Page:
Other Fastening Means

As can be appreciated there are many ways of fabricating the above components of the invention. The above description describes attachment of the Reusable Pulse Oximeter Sensor to the Disposable Bandage Apparatus by way of a “mushroom hook” type hook and loop material, by the use of “ring and groove” type snap-on connectors, “push and twist” type Luerlock connectors, and threaded flange type connectors' as well as telephone type, modular connectors and receptacles. While these means are fairly comprehensive, they should in no way be considered exhaustive.

Method of Use

For use on each individual patient, the probe is affixed in the following manner:

Firstly, the backing is removed from the adhesive strip of the Disposable Bandage Apparatus. One of the apertures of the apparatus is visually positioned on the center of the nail bed of the patient's appendage and one side of the adhesive strip and the oval protrusions are adhered to the patient's digit. The rest of the strip is then looped over the end of the patient's appendage, and the plastic disc is aligned so as to exactly oppose the plastic disc already attached to the other side of the digit. Once the Disposable Bandage Apparatus has been properly adhered to the patient, the plastic housings of the probe assembly can be easily snapped into place on opposing sides of the digit. The entire assembled probe is shown as it would appear in use on a patient in FIG. 3.

For use with the “ring and groove” type snap-on connectors, “twist and lock”, and “threaded flange” connectors, the backing is firstly removed from the adhesive strip. The strip is then folded in half where indicated on the bandage and the bandage apparatus is adhered to either side of the human digit. Once the bandage apparatus is in place the probe housings are simply snapped, twisted or screwed into place.

For use with each patient, the modular probe and bandage assembly, in both of its embodiments, which are the preferred embodiments of the invention, would be attached as follows:

Firstly, the backing is removed from the adhesive strip. The strip is then folded where indicated on the bandage and the strip is then adhered to opposing sides of the human digit. Once the bandage apparatus is in place, the housings of the probe are pushed into the receptacles and locked in place by means of the locking levers.

In all embodiments of the invention, when the probe is no longer required on the patient, the housings of the Reusable Probe are simply unsnapped from the Disposable Bandage Apparatus, the bandage apparatus is thrown away, and the probe can then be reused on a new patient in conjunction with a new bandage apparatus.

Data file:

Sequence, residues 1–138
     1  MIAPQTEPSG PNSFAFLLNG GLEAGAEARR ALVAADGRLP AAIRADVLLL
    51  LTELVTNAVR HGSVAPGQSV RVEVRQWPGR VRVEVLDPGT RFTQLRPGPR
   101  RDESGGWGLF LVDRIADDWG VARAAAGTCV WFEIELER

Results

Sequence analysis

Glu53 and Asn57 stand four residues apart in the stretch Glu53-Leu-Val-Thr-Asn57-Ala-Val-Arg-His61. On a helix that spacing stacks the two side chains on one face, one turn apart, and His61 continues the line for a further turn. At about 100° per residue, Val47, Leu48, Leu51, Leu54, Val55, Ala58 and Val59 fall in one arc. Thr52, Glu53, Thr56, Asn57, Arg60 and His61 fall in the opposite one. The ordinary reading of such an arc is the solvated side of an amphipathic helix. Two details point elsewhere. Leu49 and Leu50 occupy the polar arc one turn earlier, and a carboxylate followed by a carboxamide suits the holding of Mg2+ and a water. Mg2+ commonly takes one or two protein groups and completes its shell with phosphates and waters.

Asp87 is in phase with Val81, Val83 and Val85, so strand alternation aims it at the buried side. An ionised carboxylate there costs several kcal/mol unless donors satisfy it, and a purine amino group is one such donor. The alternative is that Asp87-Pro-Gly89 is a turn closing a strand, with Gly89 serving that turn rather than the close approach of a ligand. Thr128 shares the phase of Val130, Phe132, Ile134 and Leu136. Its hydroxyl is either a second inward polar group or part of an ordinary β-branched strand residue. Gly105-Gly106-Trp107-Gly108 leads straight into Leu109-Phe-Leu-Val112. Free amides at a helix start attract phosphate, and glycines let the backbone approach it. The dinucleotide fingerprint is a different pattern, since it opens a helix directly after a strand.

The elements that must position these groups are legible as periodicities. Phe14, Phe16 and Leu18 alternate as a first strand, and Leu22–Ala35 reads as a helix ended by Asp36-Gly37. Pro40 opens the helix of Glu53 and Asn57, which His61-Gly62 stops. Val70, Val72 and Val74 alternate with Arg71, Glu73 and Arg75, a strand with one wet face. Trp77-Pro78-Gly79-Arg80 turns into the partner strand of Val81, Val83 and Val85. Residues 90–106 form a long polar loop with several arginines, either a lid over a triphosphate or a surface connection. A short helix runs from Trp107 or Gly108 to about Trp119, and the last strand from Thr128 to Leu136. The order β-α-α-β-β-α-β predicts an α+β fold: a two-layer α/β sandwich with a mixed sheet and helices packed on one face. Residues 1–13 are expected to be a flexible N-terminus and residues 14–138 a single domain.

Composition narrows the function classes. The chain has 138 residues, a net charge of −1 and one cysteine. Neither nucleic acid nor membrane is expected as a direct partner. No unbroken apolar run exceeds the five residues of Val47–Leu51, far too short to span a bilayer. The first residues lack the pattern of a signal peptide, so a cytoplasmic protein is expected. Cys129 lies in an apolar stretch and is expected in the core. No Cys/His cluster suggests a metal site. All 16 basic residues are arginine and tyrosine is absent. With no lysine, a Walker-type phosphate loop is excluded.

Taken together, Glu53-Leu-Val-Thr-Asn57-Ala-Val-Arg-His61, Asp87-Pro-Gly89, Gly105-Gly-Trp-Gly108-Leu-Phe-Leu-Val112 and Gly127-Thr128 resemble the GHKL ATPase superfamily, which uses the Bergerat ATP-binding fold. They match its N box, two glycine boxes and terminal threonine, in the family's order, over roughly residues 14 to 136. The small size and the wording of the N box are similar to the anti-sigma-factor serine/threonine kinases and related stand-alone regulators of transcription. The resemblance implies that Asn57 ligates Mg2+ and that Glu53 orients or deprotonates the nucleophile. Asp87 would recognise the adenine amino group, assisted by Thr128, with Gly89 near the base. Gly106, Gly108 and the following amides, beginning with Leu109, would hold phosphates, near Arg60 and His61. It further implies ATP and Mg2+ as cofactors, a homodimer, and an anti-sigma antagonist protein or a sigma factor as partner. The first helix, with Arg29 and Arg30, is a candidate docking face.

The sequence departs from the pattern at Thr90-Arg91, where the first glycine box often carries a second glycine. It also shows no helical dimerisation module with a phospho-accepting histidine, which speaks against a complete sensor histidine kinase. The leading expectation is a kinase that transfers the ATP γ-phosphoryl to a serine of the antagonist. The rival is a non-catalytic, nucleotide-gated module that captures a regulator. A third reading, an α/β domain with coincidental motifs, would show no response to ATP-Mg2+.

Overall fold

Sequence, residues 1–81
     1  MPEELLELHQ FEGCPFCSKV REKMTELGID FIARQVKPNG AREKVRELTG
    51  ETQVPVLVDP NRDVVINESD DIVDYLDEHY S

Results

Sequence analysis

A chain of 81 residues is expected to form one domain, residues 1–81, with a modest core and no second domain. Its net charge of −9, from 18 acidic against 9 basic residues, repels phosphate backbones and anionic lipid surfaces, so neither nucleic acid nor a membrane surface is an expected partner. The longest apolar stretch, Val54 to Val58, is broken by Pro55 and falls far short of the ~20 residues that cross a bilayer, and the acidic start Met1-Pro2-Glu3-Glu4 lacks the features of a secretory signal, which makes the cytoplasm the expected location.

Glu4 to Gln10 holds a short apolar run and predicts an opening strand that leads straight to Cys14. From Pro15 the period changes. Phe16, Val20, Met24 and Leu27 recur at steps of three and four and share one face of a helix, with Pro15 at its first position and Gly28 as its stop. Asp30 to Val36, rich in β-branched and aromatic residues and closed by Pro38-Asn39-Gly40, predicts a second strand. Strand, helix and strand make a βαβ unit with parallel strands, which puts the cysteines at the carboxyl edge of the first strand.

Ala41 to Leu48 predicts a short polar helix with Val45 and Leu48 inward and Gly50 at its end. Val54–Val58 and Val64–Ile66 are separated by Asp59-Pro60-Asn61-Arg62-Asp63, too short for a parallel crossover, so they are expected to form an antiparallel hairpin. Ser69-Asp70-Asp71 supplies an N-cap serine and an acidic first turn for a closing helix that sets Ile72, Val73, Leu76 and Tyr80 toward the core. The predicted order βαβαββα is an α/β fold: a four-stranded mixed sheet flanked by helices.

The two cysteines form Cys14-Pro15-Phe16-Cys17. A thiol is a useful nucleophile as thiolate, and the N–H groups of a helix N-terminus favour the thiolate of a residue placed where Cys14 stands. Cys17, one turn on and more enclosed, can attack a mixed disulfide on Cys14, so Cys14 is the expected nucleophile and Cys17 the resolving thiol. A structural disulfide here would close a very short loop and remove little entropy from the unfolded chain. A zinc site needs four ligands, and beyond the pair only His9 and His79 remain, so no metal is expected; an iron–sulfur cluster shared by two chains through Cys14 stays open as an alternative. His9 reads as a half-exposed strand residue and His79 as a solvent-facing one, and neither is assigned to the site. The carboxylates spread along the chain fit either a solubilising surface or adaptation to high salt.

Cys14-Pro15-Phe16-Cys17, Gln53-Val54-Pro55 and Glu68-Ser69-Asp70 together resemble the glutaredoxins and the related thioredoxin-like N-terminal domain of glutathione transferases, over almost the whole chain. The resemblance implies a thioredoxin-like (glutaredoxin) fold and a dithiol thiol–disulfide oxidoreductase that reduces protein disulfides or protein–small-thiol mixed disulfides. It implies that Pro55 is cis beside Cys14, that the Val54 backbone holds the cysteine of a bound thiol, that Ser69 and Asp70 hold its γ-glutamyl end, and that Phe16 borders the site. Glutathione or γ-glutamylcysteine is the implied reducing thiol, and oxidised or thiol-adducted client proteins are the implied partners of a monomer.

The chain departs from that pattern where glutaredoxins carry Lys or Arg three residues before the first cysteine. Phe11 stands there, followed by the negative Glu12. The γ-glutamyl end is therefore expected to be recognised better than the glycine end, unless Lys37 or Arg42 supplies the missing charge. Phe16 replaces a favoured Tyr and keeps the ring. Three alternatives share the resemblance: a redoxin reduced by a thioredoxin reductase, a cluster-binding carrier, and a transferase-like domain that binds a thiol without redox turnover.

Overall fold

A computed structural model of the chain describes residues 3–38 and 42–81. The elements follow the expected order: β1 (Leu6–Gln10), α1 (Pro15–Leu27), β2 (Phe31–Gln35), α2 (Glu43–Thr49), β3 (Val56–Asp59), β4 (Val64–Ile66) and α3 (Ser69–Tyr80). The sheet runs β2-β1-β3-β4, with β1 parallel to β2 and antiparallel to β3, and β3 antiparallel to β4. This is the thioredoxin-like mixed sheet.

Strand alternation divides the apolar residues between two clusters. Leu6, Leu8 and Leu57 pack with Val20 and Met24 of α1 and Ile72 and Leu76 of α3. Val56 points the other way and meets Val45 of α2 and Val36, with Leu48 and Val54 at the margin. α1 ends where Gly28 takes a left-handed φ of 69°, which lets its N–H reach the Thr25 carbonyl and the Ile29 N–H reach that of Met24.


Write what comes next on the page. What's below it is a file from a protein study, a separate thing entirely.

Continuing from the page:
Advantages of the Present Invention

Current reusable pulse oximeter probes are either “Clam Shell” type clamping devices which can restrict circulation or “Y” type probes which are taped directly to the patient. Both types also come in direct contact with the patient's skin and bodily fluids and need sterilization after use. Because of the fact that these devices incorporate many surfaces and at times, porous materials, proper sterilization is very difficult. With the present invention there is no contact between the reusable probe and the skin or bodily fluids of the patient.

Disposable probes are very costly because of the fact that the cable, connectors and photodiodes are all disposed of after use. The present invention accomplishes the same goals as a disposable probe from a cleanliness standpoint, but since only the attachment apparatus is discarded after use, the cost is much less to a healthcare institution.

The present invention, with the concave shape of the plastic discs of the bandage apparatus, when backed by the adhesive strip, is extremely effective in preventing the entrance of extraneous light from the sides of the patient's digit. Current probes on the market, whether disposable or reusable, because of the nature of their shape and affixation means, have problems in dealing with extraneous light reception.

The present invention utilizes an easy snap on, snap off, or modular connector attachment means for attaching the probe to the Disposable Bandage Apparatus. Probe-Shield type devices available in the past not only required the modification of the original manufacturer's probe, but required the difficult procedure of inserting a flexible laminated probe into a sheath for each patient.

Probe-Shield devices, because of the lamination process involved, raised some concern over the transmission and reception of infrared light through the laminating material. The present invention uses a silicone window for the isolation of the probe from the patient. Infrared light transmission and reception is not affected by passage through translucent silicone.

In these days of environmental consciousness the annual waste generated from tens of millions of disposable probes is enormous. The present invention, if used in considerable numbers, would greatly reduce the amount of environmental waste generated by disposable pulse oximeter probes.

While the invention has been described in relation to preferred embodiments of the invention, it will be appreciated that other embodiments, adaptations and modifications of the invention will be apparent to those skilled in the art.

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Classifications
U.S. Classification600/344, 600/310
International ClassificationA61B5/1455, A61B5/145, A61B5/00
Cooperative ClassificationA61B5/6838, A61B5/6826, A61B5/14552
European ClassificationA61B5/1455N2, A61B5/68B3L, A61B5/68B2J1